Domestic violence is not always limited to the four walls of the home. It can also extend to the victim's workplace, which will negatively affect both the victim and their place of employment. Virginia employers have a stake in this issue; it has been estimated that nationwide, companies lose almost $5 billion a year because domestic violence reduces employees' productivity and results in a great deal of absenteeism from work.
Even if an employee has not discussed or reported domestic violence issues in the workplace, colleagues and management may still assess the situation if the victim reports to work with unexplained bruises and injuries, has a difficult time concentrating at work or is frequently absent from work. Unsolicited phone calls intended to harass or threaten, and disruptive personal visits to the workplace by the abuser are also warning signs that must be addressed. Sometimes, domestic violence victims may behave erratically or have a tendency to withdraw socially. The abuse victim's colleagues should pay close attention to such behavior and take the proper action that is required in the situation.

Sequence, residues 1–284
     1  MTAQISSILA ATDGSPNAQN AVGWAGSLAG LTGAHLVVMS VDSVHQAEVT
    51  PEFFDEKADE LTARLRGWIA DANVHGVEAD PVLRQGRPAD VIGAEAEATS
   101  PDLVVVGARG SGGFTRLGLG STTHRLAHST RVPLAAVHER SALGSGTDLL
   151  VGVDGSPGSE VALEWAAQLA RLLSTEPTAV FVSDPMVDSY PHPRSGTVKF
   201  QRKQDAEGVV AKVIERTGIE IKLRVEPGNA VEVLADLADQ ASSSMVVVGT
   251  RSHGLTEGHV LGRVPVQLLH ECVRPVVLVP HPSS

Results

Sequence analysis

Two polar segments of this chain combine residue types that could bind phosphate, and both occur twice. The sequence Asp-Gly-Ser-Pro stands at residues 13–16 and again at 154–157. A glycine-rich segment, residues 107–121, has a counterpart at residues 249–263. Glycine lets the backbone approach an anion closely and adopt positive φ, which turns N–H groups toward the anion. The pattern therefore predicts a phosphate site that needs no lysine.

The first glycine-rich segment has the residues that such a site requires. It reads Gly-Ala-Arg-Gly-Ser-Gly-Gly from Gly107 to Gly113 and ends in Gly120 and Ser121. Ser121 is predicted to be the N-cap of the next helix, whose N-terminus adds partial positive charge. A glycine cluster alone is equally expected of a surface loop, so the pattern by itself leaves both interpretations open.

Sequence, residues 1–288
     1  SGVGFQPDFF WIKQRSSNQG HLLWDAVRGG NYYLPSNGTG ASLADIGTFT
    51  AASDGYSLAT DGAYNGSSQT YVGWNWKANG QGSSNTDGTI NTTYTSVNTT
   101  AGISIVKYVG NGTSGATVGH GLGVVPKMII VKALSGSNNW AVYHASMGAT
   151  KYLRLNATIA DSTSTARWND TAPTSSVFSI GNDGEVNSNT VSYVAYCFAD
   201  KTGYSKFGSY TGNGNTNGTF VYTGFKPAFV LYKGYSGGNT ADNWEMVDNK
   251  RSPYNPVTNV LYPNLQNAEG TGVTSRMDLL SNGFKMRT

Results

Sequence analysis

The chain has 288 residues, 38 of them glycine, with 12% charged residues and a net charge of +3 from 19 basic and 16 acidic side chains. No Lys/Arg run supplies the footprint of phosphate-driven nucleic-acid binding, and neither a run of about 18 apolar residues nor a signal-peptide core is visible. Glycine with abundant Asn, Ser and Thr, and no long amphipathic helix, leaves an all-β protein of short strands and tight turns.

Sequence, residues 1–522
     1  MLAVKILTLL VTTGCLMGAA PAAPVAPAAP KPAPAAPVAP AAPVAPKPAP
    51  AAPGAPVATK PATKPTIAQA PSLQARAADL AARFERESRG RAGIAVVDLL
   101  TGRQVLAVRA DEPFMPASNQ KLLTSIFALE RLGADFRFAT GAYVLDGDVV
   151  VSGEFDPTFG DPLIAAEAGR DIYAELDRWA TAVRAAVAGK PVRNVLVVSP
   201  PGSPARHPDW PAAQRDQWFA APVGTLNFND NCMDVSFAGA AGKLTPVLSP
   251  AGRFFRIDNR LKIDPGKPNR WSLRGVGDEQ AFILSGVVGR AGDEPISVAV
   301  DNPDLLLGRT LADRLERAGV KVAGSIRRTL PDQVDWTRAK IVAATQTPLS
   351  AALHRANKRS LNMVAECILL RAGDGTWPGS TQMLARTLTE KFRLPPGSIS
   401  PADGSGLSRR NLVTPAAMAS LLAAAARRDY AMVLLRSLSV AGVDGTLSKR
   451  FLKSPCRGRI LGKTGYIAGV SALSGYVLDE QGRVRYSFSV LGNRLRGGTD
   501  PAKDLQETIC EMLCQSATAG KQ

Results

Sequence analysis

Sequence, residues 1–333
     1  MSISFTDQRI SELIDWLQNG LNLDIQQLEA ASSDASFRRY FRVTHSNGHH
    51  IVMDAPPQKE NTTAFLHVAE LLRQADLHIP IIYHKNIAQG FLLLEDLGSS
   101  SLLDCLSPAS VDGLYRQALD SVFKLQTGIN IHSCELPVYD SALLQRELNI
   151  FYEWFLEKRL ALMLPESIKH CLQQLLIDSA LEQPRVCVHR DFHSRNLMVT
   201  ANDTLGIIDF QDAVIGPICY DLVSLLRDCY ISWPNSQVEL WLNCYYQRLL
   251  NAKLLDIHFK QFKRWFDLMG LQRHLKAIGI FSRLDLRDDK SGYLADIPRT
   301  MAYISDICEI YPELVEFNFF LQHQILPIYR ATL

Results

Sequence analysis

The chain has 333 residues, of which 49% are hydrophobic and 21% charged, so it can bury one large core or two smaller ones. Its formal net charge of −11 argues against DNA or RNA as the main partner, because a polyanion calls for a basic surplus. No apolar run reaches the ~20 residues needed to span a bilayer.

Many organizations have policies that address domestic violence. To protect employees from domestic violence, co-workers can encourage the victim to speak with management to obtain the necessary help. Management can refer the victim to services and organizations that help domestic violence victims. A workplace safety plan may also be implemented along with training on how to handle family violence issues. The employer should ensure that the privacy of a victim is protected and total confidentiality is maintained at all times in such cases.
Protective orders are often effective in keeping the abuser away from the victim. Consulting an attorney with experience in domestic violence issues can be a critical first step for a victim.
Source: AlexandriaVA.gov, "Domestic Violence," accessed May 14, 2015